Rock-paper-scissors seems to be a game of equal chances. Play the game randomly and you should win a third of the time. However, being humans with odd psychology, that’s not how we play at all. In fact, knowing how we really play can help you win RPS all the time. With statistics and game theory no less.
Based on the statistical trends that came out of those 360 students playing 300 rounds of RPS, a winning hand comes down to taking advantage of two psychological quirks. First, because players who win a round of RPS tend to repeat their winning choice, if you lose, you should change to the selection that didn’t get beaten. For example, if a player beats you with rock, you should chose paper in the next round.
The next tip is where game theory comes in. If you’ve just won, the loser might assume that you are going to repeat your choice (as the statistics support). So they will switch to the selection that wasn’t beaten. In response to that bit of knowledge, winners should play what the loser just played when they lost to have the best chance of beating them. It’s complicated but effective, and Dr. Fry explains it beautifully.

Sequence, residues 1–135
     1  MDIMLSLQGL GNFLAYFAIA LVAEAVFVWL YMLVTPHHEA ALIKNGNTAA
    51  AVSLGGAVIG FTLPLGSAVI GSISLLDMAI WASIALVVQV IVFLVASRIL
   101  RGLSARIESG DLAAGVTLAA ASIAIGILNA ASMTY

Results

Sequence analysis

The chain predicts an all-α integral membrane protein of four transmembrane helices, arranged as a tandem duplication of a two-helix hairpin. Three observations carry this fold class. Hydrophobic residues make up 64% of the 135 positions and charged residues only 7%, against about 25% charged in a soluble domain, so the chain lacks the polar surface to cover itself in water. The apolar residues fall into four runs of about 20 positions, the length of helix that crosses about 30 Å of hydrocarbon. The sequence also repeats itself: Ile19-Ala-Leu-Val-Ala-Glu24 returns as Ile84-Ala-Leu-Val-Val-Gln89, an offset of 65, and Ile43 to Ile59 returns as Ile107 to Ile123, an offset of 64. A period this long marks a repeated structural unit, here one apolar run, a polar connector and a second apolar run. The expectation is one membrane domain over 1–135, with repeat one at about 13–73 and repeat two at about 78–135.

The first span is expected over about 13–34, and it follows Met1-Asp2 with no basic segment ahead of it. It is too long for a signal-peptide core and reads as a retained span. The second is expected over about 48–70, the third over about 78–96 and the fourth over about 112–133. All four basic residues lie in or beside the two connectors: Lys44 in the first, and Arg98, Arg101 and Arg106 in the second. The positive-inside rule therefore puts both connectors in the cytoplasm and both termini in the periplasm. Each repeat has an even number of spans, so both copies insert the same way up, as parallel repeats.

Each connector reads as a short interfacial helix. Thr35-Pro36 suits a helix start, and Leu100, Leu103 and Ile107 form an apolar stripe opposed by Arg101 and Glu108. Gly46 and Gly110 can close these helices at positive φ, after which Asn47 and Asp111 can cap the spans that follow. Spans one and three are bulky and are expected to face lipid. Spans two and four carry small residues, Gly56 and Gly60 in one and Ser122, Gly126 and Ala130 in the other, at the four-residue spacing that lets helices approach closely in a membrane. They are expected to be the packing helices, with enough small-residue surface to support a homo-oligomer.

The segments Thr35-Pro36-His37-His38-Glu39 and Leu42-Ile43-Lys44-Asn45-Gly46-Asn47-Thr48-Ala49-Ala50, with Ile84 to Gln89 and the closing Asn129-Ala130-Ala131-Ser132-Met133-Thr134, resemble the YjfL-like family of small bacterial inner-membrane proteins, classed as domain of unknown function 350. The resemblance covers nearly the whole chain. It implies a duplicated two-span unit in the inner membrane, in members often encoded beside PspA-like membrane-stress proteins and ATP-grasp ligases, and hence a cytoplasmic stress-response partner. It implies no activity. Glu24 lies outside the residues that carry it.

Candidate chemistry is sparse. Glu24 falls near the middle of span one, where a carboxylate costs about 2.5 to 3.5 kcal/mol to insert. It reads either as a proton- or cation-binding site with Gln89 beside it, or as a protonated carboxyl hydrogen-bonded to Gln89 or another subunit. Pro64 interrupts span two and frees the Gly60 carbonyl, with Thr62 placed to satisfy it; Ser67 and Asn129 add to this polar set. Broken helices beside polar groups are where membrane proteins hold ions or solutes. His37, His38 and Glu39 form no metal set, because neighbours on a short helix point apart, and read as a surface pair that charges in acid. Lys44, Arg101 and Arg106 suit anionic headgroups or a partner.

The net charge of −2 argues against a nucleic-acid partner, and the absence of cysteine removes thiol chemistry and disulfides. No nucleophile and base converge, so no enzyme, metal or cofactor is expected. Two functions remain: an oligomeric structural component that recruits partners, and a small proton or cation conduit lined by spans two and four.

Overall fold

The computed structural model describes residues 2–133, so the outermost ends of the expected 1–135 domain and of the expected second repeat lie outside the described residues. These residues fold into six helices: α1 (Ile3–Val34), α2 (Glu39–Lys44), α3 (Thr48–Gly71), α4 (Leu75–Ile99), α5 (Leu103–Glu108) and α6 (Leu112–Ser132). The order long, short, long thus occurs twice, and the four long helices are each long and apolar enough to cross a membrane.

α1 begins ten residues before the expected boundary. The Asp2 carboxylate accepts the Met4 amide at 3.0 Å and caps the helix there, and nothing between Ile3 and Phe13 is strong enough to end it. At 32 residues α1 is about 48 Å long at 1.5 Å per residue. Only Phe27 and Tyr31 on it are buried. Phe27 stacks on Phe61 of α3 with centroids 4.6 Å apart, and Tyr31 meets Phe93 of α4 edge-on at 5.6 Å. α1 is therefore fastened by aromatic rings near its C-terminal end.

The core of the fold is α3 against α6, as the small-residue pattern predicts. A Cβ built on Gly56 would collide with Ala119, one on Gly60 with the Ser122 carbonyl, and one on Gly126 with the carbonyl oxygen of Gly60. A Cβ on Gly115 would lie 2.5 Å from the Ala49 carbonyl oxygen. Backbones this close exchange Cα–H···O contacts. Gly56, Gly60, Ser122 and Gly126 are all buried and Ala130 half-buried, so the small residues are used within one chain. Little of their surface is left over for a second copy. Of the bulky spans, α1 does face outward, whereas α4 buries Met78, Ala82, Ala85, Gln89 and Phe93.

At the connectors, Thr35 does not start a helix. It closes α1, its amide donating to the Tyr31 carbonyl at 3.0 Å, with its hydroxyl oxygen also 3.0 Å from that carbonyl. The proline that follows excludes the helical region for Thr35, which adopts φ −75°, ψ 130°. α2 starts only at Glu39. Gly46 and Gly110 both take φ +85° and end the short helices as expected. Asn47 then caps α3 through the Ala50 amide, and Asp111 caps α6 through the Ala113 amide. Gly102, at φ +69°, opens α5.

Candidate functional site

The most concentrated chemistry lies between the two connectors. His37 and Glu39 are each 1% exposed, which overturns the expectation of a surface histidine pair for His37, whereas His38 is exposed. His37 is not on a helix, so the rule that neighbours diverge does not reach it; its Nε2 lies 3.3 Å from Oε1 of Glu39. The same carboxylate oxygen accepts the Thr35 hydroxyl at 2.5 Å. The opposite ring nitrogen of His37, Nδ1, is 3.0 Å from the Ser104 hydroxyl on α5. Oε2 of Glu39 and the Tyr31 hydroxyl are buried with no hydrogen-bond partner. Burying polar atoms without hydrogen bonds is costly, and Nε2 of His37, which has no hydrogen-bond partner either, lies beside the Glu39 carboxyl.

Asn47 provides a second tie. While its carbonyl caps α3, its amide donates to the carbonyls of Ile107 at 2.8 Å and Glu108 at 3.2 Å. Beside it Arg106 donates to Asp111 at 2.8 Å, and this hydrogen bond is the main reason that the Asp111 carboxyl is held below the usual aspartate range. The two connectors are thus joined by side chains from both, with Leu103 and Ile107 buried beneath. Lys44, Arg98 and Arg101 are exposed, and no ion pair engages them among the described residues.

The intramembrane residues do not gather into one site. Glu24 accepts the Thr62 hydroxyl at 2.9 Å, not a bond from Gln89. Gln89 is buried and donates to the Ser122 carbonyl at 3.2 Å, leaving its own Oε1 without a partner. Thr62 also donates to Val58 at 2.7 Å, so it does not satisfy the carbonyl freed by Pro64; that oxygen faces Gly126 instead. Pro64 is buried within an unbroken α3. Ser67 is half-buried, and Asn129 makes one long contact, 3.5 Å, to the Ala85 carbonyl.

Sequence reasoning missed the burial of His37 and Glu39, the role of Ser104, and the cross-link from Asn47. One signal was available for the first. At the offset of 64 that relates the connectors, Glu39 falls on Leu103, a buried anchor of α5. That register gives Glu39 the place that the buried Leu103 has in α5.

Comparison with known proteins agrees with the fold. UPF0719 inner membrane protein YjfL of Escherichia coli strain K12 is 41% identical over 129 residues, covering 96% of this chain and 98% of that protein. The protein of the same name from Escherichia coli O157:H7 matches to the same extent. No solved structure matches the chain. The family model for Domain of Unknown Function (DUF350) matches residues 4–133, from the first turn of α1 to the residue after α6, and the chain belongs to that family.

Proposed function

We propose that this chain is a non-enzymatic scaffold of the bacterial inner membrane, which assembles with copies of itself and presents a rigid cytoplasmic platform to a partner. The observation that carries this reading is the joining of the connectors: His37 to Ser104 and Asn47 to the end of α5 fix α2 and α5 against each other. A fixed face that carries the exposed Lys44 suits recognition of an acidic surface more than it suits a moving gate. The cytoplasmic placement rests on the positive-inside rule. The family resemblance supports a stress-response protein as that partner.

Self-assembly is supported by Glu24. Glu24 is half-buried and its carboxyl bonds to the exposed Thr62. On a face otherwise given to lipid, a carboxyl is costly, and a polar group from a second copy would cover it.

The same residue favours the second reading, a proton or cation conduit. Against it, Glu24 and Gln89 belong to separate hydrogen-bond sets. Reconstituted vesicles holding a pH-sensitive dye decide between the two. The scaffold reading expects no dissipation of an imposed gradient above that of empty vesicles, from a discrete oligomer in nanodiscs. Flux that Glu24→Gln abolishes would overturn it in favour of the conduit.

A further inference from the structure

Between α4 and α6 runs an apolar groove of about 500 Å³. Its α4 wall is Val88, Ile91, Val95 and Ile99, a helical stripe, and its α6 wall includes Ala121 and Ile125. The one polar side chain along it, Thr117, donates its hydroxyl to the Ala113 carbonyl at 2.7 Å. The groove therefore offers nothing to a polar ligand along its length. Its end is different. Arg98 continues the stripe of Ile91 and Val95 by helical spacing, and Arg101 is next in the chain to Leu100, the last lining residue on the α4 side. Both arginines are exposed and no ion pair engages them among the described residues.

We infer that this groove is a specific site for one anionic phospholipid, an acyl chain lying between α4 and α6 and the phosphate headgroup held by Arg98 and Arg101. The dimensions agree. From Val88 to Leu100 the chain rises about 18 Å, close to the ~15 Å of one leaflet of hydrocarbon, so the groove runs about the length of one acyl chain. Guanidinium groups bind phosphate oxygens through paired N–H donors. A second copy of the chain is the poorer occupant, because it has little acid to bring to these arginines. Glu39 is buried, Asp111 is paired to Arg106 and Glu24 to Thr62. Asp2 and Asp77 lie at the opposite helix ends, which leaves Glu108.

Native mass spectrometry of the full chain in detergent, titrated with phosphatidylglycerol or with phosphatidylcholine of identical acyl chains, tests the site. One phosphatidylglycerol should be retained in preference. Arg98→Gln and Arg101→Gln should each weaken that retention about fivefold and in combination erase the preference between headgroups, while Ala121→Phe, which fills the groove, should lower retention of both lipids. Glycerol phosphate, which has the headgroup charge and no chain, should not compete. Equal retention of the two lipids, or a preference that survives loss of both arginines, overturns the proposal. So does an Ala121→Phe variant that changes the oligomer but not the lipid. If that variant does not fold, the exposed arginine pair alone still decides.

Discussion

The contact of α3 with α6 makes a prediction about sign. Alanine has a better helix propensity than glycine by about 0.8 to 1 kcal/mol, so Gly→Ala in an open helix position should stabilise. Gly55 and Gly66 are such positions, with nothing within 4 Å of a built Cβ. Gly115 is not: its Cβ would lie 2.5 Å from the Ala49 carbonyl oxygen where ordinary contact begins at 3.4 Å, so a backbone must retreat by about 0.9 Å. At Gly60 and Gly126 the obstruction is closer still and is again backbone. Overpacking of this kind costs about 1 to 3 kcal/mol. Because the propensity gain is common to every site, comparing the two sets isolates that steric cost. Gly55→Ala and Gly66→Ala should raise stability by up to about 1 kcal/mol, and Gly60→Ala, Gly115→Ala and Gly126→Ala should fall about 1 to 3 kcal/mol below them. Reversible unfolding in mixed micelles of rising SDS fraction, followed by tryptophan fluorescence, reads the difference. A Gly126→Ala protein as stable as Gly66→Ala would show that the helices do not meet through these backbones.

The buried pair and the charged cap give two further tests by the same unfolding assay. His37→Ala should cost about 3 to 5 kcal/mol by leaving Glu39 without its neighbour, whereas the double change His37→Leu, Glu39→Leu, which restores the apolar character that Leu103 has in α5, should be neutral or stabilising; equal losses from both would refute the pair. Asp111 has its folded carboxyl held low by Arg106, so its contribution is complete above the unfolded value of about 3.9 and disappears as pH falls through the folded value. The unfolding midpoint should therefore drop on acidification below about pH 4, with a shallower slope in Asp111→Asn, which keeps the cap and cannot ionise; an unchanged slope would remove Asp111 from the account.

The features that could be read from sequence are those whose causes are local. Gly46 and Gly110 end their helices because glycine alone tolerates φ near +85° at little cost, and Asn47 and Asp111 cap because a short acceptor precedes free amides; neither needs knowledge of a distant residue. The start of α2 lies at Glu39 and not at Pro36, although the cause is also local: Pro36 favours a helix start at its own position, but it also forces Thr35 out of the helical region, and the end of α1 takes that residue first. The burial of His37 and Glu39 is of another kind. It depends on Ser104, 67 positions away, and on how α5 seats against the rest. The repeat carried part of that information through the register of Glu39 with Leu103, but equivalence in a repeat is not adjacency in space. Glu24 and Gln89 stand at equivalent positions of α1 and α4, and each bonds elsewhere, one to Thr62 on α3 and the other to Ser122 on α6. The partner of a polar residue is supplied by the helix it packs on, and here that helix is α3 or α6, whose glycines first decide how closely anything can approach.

Or you could just be a robot that moves so quickly it can first sense your choice and then choose the winning selection before a human brain can process it.